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Honorable Mention
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by R.S. Wynn

When I was seventeen I moved out west, abandoning my crowded, coastal hometown in Maine to be a groundskeeper at the Hope Springs Community Center in the Painted Desert—Navajo land. I lived in a double-wide trailer there with two other women who worked at the center: Katerina, a middle-aged former nurse from Oregon, and Bess, who was the daughter of a nurse, from Georgia.

At dinnertime, Katerina and Bess would flump down in the living room in front of the TV and slurp Cup Noodles while they watched “Trauma: Life in the ER.” The lights of phantom ambulances flickered through the steam rising from their Styrofoam cups as they sucked threads of ramen through puckered lips, their eyes fixed on the victims of accidents writhing supine on stretchers. They ate and watched, unperturbed, while I eyed them from the kitchen. A slick of broth would drip down their chins, reflecting red from the gore on the screen.

When a dire case was wheeled in, Bess might lean over to Katerina and ask her professional opinion: “That one’s a goner, right?”

Katerina would shrug or nod and lift a finger to wipe oil from the corner of her mouth.

That was twenty years ago now, but I still remember watching Katerina and Bess as they watched TV. They seemed to me like Aztec priestesses, thoughtfully sampling the organs of a sacrifice, digesting pain, and fear, and mere mortality.

* * *

The desert was a departure, in every way, from my home. Back in Maine I’d worked at The Crown Theater. I started taking acting classes there when I was five years old and by the time I was eight, I was running lines in backstage shadows and silently awaiting cues from the corridors under the theater’s tiered seating. At sixteen, I dropped out of high school. My mother didn’t try to stop me, thinking acting might prove more lucrative than other local careers, mostly in retail or waitressing. Between acting roles, I took on every other gig available at The Crown. I stage-managed, worked the box office, joined the tech crew. One slow summer I even cleaned out the costume barn. I didn’t care what work I did as long as it revolved around the axis of the stage.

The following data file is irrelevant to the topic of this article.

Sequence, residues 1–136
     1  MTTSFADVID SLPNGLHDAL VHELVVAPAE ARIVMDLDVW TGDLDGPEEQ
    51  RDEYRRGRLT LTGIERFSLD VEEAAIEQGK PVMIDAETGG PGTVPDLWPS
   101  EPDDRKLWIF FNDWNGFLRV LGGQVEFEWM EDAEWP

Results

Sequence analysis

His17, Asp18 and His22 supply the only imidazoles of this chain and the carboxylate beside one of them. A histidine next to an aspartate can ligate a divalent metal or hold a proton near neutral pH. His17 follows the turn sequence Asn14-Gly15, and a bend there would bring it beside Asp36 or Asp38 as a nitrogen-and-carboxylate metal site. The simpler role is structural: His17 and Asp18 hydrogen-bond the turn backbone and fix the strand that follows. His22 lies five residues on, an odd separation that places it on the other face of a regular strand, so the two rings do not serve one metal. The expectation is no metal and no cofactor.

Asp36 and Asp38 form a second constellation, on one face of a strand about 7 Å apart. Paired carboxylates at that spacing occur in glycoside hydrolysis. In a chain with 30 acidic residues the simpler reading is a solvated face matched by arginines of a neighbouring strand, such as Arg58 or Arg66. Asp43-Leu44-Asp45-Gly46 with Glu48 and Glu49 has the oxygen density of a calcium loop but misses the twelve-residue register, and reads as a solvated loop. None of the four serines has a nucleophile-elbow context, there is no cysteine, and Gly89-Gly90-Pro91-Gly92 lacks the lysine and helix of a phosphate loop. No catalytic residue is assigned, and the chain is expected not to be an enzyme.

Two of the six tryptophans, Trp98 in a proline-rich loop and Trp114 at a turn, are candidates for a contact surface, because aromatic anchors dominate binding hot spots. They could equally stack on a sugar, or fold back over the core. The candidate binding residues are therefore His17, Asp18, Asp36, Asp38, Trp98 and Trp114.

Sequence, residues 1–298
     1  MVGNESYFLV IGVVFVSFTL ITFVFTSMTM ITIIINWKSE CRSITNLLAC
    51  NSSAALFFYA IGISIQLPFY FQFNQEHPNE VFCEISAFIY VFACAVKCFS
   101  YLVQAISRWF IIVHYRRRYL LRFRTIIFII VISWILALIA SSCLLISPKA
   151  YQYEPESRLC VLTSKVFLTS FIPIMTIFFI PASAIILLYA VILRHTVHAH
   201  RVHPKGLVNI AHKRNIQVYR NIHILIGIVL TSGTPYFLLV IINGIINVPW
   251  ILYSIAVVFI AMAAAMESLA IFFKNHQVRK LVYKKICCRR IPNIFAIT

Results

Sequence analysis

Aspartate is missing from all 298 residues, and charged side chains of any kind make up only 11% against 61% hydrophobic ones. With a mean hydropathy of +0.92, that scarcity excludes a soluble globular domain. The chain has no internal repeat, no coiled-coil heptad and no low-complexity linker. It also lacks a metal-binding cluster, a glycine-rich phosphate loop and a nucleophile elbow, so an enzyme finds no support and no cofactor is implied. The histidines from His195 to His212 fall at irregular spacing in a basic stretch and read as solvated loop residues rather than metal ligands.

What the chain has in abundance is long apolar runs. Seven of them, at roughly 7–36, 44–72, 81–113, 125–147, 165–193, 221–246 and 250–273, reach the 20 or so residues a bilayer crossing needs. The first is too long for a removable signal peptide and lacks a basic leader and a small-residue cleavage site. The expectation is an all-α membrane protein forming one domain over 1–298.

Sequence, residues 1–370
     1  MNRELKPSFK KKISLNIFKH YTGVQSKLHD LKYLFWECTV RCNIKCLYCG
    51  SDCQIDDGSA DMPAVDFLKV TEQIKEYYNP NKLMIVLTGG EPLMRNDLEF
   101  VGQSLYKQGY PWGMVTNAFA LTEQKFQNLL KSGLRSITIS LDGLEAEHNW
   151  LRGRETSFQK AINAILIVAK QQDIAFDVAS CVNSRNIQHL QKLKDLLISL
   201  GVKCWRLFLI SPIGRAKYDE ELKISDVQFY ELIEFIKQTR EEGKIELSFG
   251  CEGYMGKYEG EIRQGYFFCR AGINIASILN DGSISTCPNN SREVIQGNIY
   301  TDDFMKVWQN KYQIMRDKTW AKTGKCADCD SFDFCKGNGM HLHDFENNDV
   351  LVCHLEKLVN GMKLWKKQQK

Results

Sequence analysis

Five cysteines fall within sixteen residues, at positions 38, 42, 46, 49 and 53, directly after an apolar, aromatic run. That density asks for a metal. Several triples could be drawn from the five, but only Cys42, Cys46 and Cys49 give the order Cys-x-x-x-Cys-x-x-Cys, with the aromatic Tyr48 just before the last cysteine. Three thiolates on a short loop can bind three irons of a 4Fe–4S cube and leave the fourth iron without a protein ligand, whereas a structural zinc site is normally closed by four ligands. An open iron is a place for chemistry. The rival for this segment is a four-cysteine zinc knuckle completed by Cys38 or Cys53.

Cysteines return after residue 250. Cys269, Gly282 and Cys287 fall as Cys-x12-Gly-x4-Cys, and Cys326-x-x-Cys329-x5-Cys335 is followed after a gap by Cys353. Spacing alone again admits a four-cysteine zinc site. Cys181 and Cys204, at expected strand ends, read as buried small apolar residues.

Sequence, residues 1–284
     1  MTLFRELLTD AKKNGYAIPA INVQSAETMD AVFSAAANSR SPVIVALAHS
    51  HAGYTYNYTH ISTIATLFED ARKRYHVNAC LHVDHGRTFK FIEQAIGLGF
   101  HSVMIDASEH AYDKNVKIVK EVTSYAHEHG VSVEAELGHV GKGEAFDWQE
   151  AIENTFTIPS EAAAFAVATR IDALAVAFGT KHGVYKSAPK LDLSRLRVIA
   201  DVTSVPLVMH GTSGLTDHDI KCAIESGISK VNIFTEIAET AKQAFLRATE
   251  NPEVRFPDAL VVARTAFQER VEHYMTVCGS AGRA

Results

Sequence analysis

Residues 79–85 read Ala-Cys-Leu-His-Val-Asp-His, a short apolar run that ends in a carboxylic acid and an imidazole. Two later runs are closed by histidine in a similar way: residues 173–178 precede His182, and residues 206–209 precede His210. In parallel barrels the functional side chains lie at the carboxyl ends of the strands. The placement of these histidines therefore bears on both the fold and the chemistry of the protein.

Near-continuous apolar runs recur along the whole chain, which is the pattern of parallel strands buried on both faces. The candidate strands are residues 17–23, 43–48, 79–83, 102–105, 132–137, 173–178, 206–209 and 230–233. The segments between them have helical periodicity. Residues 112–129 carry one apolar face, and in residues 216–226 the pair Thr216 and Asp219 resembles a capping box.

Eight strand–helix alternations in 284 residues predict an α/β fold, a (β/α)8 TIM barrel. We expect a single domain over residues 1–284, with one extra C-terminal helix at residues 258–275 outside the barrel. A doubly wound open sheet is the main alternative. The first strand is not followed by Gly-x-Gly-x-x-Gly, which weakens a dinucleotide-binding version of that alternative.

The stage was freedom. My mother saw it as an unlikely orb of glamor in a dreary fishing town, a hopeful future funded by out-of-state arts endowments. But to me it was more than just an escape from the poverty of my surroundings or the drudgery of high school; on stage I could be anyone I wanted to be, from any time, and any place. I could inhabit a character—Beatrice or Titania, Rosie Probert or Luisa Bellamy—and they inhabited me. In regional theater reviews, I was called a prodigy, but I was more pretty than skillful, I think. Still, the pay was good enough that I was able to move out of my mother’s house and get my own apartment by the time I turned seventeen. The trouble with being so young and ungoverned is that I had no idea who I, myself, might be and no conscientious guide directing me toward who I should be. In a way, surrendering my mind and my body to the desires of the characters I played was a relief.

The autumn after I turned seventeen, I leapt at an opportunity to work with Johnathan, the theater’s scenic designer, helping him build sets for the upcoming season. Johnathan was impressive, to a teenager at least. He was more than thirty years older than I was, but I liked being around him. He was literate and passionate about stagecraft, he was worldly and, above all, he spoke to me like I was worldly, too. We worked late at night together, after all the actors had gone home, but a theater never feels empty. He showed me how to use a jig saw and a die grinder while we talked about Shakespeare, Ibsen, and O’Neill, and all around us the theater was hushed as if an enraptured audience was watching.

One night he gave me his hardcover copy of Anna Karenina, the pages dog-eared and softened with turning. On another night, he told me I reminded him of Emma Bovary. More than once he talked about a cabin he owned in New Hampshire, where he said he wanted to take me. Picture a woodstove crackling and a kettle whistling through the smoke, he said. Picture a down comforter, warm as skin, and frost on the windows. Picture I was there with him. It was an exciting role to picture, like I was Laura and he was Yuri Zhivago.

One night in December, around midnight—the very witching time in Hamlet, act three, scene two—Johnathan suggested we take a break from our set-making and rest in The Crown’s green room; it was more comfortable there, he said. He followed me up the steep staircase by the balcony, across the catwalk, and into the green room. I could feel the heat of his breath on my back, he followed so close to me. The green room was in disarray, half-empty coffee mugs and wilting take-out boxes littered the floor, the typical debris left behind from a light night rehearsal. I was leaning over a worn, floral couch, folding an abandoned sweater, when Johnathan came up behind me and wrapped his arms around my chest. The urgency—the sudden force of his need stunned me as he ran his hands down my belly and up under my shirt.